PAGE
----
THE PINK I #exwr14

What if I open it?

The small and full of personal secrets.

Inviting, intriguing, impossible, imaginary, inspiring,

THE PINK

Would I laugh at your

intimacy being

exposed to the

light?

or cry?               or go mad?

INTENSE IS THE AIR
IN THE ROOM

Allowing myself not knowing

҂

The Diaries of the Invisible 

 

I
I danced today
Alone
In an empty house
No one was there
Not even me
Me?
Who am I to say
A word
An empty house
A dance
My trance
I wave my hand
And life just keeps passing by
II
I sit at home and
They tell me to cook
When I was a girl
They told me to do the dishes
Always
Or
No one would marry me
No one
I am not married
It is so obvious why
I do not want to cook
Kitchen is not my thing
I always forget to eat
I  always forget myself
III
“Everyday power”
I found a book about it recently
How to gain power
Everyday
The book is white
POWER written in black
Are they demanding me to become visible now?

How to become an artist? Susanne Oertel from Basel.

Susanna Oertel

Many of us get to know quite early in life that we are not good enough painters or singers or something else.  This is probably the main reason why most of the students focus on the much more “practical” list of the school subjects already during the first five years of their school lives. Arts and music is mostly considered like something that just has to be passed. There are people who feel that these are still on the lists of compulsory subjects only out of some frozen traditional habits. The dry, demanding and boring art classes are bringing children many disappointments and feeling of exclusion, the joy of creative arts is something as rare as quality art materials in these spaces.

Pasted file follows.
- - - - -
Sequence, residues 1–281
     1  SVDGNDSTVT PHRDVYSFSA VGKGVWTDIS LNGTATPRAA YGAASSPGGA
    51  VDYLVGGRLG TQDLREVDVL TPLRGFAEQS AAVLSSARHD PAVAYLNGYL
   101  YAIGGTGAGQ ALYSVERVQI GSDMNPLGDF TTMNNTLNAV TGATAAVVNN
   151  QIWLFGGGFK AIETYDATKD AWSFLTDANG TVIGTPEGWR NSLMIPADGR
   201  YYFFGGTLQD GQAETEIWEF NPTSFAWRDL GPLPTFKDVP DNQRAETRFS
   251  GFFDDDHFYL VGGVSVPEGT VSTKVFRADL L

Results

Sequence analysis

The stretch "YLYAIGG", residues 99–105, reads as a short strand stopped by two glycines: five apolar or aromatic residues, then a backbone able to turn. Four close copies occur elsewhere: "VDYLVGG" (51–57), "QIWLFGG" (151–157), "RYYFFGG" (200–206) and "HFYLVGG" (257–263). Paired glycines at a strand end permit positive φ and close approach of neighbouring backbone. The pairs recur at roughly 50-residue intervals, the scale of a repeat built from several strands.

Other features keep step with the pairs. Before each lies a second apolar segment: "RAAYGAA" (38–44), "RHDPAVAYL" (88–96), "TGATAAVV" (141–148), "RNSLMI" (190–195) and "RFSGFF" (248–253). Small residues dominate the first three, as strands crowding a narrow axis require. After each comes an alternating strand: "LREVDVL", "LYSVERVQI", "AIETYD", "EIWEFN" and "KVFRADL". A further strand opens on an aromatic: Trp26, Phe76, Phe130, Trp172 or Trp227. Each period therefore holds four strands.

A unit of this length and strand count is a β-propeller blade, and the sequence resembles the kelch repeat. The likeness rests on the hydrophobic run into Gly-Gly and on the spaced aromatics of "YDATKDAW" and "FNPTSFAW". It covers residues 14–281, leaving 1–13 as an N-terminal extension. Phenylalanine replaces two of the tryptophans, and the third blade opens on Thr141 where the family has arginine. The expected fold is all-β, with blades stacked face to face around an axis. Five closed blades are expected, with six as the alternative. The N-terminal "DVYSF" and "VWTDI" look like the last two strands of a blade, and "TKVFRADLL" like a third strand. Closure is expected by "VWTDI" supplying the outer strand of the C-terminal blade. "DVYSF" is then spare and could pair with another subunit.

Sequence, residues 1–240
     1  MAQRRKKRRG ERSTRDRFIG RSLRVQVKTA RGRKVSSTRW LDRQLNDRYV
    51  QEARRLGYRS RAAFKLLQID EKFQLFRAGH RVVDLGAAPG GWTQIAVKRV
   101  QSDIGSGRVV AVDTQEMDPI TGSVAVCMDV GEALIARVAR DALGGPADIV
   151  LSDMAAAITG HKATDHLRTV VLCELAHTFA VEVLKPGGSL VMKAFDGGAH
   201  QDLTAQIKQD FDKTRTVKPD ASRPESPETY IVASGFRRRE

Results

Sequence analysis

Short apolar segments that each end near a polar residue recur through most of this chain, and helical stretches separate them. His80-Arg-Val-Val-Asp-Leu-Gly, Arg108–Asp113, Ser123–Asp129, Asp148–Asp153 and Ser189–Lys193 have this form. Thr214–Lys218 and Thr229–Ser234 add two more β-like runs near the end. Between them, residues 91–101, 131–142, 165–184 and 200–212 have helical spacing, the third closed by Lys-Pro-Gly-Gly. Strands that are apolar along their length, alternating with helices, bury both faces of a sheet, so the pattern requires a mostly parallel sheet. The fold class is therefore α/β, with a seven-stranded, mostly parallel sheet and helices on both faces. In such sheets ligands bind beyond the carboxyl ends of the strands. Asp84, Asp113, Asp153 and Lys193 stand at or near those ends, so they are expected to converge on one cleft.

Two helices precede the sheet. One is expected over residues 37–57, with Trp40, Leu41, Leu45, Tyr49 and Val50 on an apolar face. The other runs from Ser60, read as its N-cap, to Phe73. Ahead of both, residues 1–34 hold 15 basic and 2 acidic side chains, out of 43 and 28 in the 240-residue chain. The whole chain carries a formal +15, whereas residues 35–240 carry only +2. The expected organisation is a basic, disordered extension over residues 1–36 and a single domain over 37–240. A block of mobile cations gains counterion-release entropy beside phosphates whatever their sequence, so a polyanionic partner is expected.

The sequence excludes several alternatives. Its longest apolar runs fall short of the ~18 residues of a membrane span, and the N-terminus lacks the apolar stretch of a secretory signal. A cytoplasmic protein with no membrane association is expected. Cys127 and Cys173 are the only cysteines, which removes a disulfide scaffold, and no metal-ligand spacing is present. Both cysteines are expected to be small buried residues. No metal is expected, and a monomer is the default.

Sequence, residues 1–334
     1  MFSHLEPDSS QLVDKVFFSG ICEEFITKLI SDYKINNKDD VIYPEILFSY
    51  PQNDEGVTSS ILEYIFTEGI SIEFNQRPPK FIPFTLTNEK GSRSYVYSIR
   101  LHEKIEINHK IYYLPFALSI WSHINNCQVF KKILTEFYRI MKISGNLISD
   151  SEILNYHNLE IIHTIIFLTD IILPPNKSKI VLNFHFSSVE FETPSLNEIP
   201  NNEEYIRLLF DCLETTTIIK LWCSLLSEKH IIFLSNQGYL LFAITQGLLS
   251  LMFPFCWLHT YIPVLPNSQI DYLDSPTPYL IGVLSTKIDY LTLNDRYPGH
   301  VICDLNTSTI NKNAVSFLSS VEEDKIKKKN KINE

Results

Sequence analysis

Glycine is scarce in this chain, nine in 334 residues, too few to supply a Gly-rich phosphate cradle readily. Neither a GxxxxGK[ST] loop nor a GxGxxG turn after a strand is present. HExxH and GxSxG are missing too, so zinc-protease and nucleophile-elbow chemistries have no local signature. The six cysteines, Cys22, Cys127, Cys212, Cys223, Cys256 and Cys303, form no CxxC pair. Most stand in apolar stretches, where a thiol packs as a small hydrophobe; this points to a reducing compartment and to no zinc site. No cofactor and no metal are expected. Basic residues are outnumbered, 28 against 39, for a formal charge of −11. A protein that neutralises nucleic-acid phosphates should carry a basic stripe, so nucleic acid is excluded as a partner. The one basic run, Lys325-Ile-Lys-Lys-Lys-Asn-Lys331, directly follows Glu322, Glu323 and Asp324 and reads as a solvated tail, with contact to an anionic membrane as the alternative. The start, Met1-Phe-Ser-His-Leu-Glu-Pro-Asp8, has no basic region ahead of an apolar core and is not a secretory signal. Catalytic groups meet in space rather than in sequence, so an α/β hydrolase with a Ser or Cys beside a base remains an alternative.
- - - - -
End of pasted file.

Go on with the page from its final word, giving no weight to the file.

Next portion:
To make it short, becoming an artist is a luxury or a looser option. Most of us consider ourselves not to be suited of becoming an artists and therefore do not think of it as a career choice in the first place. We make that decision for life without ever having a chance to find out what does it mean to fully get engaged with colours and lines so that you forget about time and space and just play.

As a parallel stream to the development of math and languages based global curriculum (measured with PISA), there is so much talk about the need for innovative and creative people who, as some think, can save the world from the catastrophe we are heading towards in full speed.  The enterprises are crying out for creative people for better businesses and continues growth, hoping with the help of these miracle people introduce new sustainable approaches to economics.

Where can we find such special people if everyone are only interested in math and physics, the basic aim for all education is linear predictable lines in thinking?

Susanne Oertel is one of the successful women I have met who manages to combine both, “the very practical” job as a nurse in a hospital in Basel, and being a painter. In my opinion it is the creative people, like her, who will save the world from the disaster. She is one of the many who is renewing the way how Western people are looking at their working and consuming habits. She is creating global change every moment just by continuing to be herself.

Susanne has been taking part in intuitive pedagogy painting workshops with Merete Lövlie in Germany and in Sweden but also in a special workshop that was created by the artist group “Picking Apples” in Prague. Our last meeting was in Berlin, we were painting for four full days. The second day I asked Susanne to tell me more about her becoming an artist, explain what does it mean for her to take part in Meretes painting classes and what are her future projects. This interview is now available in soundcloud.

“MOM, watch me, I´m doing the impossible” part II

Analyzing a Visual Image[1]. Critical Feminist view.

white man hunting

The photo is taken at a conference held in a nice hotel. You can see an elderly white male professor introducing his work in the field. He shows himself doing field studies in Africa in order to collect data for his research. It looks like many years ago he was there. He has displayed his books on the stage so that the audience can see that he has been publishing a lot ever since. The books look prominent.